14 Mar 2014

The press pool stifling hard questions

The US Secretary of State John Kerry held a “press conference” in London today. Channel 4 News were told we would not be allowed in – they had arranged for Sky and Reuters to come in as a “pool” and the answers would be circulated to all media.

Last week in Moscow it was the same story when Vladimir Putin held a “press conference”. “You cannot come,” said the president’s press officer when I got through to her to ask where and when it was happening.

And the most hilarious example of the tyranny of the press pool was in Cornwall during the floods and storms. I happened to be in Kingsand filming a few minutes before David Cameron was to arrive to do a prime ministerial sympathy visit. As I walked down the street I found myself accosted by a young woman who introduced herself as from Downing Street.

Britain's PM Cameron speaks with Hughes, Brown and dog Maggie, whose home was damaged during recent storms at Kingsand in southwest England

“Can you leave the area please?” she ventured. “The prime minister is about to arrive and there is a press pool in operation so we don’t want you getting in the shots or asking any questions.” I explained that this was a public highway and there was no law saying I couldn’t talk to the prime minister if he happened to walk past me. This caused the woman from Downing Street great alarm and she got straight on the phone to her boss.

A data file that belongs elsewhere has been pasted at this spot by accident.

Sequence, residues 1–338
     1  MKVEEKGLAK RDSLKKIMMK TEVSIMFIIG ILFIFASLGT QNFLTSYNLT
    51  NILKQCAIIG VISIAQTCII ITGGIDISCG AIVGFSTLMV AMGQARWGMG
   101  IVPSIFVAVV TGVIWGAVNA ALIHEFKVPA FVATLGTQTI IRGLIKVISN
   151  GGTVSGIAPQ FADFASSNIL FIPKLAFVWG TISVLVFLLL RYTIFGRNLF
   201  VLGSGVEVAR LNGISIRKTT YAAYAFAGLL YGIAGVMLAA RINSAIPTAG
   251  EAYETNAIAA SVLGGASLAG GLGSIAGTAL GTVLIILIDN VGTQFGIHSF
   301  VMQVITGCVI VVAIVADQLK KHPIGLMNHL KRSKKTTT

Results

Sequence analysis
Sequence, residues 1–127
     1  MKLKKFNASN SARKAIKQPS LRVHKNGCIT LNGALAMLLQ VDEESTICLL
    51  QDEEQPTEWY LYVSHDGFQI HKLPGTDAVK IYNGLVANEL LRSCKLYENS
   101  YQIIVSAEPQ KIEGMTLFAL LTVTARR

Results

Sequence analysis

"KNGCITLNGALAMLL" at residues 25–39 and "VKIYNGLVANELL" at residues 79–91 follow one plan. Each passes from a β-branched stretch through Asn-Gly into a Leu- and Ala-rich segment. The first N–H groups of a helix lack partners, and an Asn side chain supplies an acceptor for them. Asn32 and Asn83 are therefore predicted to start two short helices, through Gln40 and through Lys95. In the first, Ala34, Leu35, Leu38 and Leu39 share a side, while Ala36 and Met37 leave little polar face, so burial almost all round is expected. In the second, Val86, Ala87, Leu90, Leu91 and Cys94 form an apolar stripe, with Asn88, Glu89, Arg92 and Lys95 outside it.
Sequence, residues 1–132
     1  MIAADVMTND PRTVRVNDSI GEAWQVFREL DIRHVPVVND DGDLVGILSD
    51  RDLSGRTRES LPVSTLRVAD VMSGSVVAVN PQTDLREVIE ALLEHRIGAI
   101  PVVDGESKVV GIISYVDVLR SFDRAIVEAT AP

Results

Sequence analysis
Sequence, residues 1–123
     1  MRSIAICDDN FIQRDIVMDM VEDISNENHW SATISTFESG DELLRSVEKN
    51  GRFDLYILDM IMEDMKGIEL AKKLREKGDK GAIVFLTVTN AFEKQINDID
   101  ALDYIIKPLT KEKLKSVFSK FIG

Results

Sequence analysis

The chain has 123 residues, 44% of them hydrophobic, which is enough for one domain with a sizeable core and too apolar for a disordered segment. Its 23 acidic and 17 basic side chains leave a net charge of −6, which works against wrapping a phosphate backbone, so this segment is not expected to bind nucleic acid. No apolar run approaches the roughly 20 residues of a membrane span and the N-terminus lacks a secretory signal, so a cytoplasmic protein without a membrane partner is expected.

In truth, I was just winding her up – we didn’t have time to wait around anyway as we had to edit our report and get to the live spot to anchor the news. As I drove out of town, I waved at the prime minister’s car as it squeezed past us in the narrow streets.

I am troubled by the pool concept. The media is inadvertently conspiring with politicians and their spin doctors to make them look good and allow them to evade questions. Most TV news bulletins don’t really care so long as they get their “clip”. That’s all they have time for anyway.

But the longer-form programmes like Channel 4 News always want much more and are liable to ask more questions, and that is what press officers hate. The pool should really only exist to save broadcasters from all having to send cameras to the same dull news event, or from getting in the way of rare intimate moments where a gaggle of journalists would be inappropriate.

It should not be used to stifle press conferences and who gets into them or to ask reporters to get off the street. I’d say let’s dry the pool forever and return to every man/woman for themselves.

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